MONTREAL --The United Food and Commercial Workers union (UFCW) is attempting to organize all 45 Wal-Mart stores in Ontario, following hundreds of complaints from disgruntled employees, according to the union.
Workers are concerned about wages and benefits, grievance procedures, job security and working conditions at the former Woolco stores purchased by Wal-Mart in early 1994, said Wayne Hanley, secretary treasurer of UFCW Local 175. Wal-Mart purchased 122 of 136 Woolco stores. Wal-Mart has denied it is antiunion, although none of its U.S. operations have unions.
"We're very pro-associate. We believe in taking good care of our workers," said a spokesman for Toronto-based Wal-Mart Canada, which now operates 128 stores. He said the firm has greatly enhanced the benefit package workers were getting under Woolco ownership and introduced a profit-sharing and bonus system.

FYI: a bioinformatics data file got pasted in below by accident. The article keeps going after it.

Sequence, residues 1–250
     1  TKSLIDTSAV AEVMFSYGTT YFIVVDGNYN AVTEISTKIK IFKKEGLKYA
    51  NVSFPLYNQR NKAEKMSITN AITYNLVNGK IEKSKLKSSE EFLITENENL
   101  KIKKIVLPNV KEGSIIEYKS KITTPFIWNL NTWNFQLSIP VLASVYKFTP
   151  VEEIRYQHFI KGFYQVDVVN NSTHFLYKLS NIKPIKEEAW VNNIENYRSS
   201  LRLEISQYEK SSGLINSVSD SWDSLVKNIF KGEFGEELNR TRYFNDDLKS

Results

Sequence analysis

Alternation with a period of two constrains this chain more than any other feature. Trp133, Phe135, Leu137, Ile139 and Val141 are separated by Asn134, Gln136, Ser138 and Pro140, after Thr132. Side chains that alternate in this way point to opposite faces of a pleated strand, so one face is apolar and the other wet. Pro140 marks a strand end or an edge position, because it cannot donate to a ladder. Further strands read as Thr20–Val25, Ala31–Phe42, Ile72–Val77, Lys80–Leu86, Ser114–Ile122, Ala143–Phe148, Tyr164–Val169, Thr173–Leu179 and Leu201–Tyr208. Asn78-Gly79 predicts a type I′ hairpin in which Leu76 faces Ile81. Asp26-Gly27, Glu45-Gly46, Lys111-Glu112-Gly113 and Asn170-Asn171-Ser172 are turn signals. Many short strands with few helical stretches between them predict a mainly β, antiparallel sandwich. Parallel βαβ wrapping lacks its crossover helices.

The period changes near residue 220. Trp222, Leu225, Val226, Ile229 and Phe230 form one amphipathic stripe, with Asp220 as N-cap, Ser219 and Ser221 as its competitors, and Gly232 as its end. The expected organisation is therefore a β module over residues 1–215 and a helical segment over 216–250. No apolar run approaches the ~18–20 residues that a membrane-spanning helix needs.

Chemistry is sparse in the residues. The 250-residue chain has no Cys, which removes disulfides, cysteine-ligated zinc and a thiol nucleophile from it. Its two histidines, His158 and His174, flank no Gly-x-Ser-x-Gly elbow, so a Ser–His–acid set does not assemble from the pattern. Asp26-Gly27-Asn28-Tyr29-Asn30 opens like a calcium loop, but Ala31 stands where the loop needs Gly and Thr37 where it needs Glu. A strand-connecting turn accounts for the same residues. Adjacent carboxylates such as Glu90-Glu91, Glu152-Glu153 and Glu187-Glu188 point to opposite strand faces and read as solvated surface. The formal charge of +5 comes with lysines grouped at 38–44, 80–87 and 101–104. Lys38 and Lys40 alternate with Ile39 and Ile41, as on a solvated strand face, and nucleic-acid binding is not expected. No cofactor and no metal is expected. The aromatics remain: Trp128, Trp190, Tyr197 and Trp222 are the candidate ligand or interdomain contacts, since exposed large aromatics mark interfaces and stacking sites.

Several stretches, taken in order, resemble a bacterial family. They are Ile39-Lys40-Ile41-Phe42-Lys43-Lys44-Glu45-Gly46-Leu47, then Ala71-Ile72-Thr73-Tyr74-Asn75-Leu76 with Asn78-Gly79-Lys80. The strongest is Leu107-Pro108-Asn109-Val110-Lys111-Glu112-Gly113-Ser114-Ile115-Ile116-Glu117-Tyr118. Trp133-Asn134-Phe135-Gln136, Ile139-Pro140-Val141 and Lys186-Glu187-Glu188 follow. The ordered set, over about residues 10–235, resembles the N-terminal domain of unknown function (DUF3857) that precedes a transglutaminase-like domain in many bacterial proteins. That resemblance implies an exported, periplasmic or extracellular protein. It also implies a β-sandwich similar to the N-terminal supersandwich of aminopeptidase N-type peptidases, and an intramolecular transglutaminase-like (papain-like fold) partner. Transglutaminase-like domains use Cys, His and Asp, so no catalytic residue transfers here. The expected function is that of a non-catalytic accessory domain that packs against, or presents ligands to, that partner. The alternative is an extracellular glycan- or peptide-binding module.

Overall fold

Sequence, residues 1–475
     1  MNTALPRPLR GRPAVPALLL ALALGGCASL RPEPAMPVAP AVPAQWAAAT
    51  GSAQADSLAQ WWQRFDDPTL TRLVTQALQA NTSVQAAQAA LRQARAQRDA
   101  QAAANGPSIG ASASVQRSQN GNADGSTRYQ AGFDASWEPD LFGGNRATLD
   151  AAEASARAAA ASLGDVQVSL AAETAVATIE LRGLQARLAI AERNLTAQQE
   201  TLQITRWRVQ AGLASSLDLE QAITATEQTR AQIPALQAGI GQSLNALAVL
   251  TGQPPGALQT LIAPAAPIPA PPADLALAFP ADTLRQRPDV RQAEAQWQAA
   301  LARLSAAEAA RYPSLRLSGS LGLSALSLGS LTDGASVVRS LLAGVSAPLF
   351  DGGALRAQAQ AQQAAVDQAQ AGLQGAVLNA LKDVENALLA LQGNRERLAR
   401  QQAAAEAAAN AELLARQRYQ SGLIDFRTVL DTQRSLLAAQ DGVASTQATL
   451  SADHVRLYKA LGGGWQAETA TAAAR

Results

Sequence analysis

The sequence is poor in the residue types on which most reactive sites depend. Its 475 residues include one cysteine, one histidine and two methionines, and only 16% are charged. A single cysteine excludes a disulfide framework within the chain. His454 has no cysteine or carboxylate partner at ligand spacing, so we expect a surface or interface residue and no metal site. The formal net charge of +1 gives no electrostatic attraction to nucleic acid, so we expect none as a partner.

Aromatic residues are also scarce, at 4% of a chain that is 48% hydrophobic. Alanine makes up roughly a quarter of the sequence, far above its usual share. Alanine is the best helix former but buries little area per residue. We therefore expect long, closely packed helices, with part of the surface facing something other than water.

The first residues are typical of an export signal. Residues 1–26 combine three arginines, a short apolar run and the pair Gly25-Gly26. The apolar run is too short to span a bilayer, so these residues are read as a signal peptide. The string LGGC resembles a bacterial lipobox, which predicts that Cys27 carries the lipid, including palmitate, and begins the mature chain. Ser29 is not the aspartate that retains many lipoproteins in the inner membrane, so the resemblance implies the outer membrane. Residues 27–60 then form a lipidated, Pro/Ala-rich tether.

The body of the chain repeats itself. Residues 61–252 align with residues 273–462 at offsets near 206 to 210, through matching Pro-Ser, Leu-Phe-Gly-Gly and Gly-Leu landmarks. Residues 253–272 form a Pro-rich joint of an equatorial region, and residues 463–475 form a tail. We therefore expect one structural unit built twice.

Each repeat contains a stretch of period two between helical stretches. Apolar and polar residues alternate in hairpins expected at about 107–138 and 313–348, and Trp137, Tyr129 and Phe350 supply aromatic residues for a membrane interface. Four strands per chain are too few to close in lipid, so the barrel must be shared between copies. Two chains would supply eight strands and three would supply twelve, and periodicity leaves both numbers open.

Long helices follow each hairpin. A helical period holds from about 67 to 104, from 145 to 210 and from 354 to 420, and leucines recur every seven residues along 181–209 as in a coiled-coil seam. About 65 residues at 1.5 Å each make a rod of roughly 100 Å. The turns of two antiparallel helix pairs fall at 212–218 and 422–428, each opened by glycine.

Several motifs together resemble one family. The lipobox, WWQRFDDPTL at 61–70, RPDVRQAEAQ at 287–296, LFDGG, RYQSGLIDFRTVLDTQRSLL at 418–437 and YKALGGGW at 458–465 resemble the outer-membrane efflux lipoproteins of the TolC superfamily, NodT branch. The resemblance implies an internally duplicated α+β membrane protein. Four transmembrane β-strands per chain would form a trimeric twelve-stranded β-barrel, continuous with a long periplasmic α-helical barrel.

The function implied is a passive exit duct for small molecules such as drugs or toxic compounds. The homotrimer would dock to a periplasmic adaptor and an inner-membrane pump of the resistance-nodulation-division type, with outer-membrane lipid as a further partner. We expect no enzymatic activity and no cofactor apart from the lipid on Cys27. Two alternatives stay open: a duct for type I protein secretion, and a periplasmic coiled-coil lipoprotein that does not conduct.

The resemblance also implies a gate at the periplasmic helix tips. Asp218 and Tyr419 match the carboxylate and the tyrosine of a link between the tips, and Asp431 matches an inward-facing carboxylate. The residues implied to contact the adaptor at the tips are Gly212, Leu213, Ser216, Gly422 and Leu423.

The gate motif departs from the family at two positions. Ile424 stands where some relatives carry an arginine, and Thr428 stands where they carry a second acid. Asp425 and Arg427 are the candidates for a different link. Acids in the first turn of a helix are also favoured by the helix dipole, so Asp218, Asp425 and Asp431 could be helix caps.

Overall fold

In addition, employment has increased from 16,000 to 20,000 at the former Woolco stores, while full-time jobs have gone from 40 to 65 percent of the total. Wal-Mart will also hire some 700 new employees when it expands to 135 stores by the end of the first quarter of 1996, the spokesman said.
A Wal-Mart associate in Ontario starts at the minimum wage of $ 4.95 ($6.85 Canadian) an hour, which increases to $5.10 ($7.10 Canadian) after 90 days. By comparison, unionized supermarket clerks in Ontario earn around $11.52 ($16 Canadian) an hour, Hanley noted.--Fairchild News Service

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